Heating and cooling buildings with renewable energy and ECOPact concrete
What is thermal concrete activation (TCA) and how does it work?
In many cases, using renewable energy means relying on the sun and the wind. But there’s no sun at night and the wind does not always blow, which means that they do not meet the energy needs of buildings at all times. Switching to 100% renewables will therefore require effective energy storage. Thermal concrete activation (TCA) systems are one of the most effective solutions to achieve that.
TCA systems are simple and cheap to implement. We already know concrete is the world’s building material of choice. It turns out that concrete is also excellent at storing and conducting heat. Concrete load-bearing components can play this additional role if they are designed intelligently to store thermal energy. During the construction of a building, pipes can be introduced into large-scale concrete components (such as ceilings and floor slabs) through which warm or cool water is routed as required. The system basically pre-charges buildings with energy that can be stored and released for heating and cooling as needed, covering their energy needs at all times. In practice, combining renewable energy with a cheap storage solution drastically reduces energy consumption and costs for the residents. Best of all, this solution is highly scalable: in terms of supply chain, handling and construction, few materials are likely to be as cost effective, easy to obtain and simple to use as concrete.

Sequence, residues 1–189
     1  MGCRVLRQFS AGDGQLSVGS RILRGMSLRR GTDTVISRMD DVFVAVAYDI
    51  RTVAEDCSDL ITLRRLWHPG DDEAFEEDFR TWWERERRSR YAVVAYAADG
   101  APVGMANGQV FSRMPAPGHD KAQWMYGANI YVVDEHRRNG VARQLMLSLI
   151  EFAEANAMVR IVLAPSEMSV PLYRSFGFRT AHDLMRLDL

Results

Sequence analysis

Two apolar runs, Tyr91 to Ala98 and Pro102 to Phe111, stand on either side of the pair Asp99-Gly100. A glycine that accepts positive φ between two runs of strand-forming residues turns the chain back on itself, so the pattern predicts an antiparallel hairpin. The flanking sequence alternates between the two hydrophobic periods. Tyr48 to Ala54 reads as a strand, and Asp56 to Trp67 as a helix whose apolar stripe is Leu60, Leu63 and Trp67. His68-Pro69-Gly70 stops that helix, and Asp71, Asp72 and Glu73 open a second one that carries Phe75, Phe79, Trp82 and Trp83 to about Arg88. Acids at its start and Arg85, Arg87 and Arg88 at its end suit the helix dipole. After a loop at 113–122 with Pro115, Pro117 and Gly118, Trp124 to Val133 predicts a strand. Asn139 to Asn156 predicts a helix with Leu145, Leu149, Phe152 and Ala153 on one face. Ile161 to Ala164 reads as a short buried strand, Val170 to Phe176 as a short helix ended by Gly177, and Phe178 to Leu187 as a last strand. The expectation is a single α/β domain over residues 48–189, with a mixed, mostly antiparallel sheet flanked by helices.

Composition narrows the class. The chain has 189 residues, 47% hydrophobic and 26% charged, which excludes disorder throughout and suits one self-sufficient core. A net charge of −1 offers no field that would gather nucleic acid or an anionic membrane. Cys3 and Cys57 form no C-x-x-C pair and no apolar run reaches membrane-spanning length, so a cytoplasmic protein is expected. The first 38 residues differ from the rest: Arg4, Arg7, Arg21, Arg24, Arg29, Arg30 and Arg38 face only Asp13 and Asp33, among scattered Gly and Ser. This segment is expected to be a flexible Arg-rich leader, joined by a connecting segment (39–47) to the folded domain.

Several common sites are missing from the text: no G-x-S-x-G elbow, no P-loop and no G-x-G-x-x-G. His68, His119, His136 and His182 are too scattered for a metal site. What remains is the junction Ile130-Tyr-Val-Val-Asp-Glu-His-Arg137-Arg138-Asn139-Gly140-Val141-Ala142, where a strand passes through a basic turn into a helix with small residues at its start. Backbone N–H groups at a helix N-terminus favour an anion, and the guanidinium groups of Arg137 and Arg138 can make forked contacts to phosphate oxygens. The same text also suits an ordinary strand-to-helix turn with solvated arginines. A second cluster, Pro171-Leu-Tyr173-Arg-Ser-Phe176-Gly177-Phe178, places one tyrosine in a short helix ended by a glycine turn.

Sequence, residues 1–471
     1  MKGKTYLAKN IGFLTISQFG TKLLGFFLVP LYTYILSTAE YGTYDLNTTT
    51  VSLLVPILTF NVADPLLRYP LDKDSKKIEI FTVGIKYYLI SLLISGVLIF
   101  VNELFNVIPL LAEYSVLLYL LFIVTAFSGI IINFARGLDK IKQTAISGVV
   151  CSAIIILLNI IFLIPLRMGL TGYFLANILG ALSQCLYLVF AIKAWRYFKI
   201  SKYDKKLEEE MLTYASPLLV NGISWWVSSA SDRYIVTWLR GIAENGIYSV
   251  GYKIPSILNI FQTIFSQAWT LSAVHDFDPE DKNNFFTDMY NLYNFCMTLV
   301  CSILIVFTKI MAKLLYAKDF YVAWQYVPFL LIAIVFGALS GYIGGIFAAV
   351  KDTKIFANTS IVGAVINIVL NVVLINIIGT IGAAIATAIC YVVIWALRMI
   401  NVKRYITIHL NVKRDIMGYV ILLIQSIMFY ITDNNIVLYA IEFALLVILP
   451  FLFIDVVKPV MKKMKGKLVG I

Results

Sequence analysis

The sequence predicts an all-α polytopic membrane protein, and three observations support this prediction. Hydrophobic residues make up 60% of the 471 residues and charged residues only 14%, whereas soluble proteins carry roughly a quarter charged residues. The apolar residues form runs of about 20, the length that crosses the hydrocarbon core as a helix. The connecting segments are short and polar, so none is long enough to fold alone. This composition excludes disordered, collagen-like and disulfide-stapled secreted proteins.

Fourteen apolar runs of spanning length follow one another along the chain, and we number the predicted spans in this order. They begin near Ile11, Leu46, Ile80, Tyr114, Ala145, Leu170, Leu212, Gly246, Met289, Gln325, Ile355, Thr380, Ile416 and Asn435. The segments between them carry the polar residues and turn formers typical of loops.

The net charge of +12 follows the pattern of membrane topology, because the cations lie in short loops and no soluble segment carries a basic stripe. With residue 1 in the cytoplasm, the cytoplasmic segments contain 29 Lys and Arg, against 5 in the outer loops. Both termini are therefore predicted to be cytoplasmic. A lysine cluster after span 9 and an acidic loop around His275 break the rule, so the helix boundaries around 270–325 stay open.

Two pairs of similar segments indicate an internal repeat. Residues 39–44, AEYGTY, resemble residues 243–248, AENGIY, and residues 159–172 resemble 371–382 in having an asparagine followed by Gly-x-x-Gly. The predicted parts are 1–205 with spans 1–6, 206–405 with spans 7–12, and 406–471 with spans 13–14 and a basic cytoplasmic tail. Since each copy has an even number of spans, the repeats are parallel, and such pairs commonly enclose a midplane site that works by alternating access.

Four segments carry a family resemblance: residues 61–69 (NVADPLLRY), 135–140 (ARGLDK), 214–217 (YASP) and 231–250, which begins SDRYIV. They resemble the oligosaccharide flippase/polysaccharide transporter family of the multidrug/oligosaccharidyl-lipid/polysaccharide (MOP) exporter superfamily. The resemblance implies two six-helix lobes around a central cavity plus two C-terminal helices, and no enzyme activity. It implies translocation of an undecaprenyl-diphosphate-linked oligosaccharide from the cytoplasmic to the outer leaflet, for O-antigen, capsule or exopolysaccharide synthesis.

Making TCA greener with ECOPact
TCA is a mature and well proven technology in some parts of the world. Combined with smart design and the use of Holcim’s range of green concrete ECOPact, with a carbon footprint from 30% to 100% lower than standard concrete, TCA can play a major role in the decarbonization of cities. Energy efficient, environmentally friendly and cheap, it can effectively accelerate the phase out of fossil fuels in the built environment, reduce energy costs for households and contribute to housing affordability.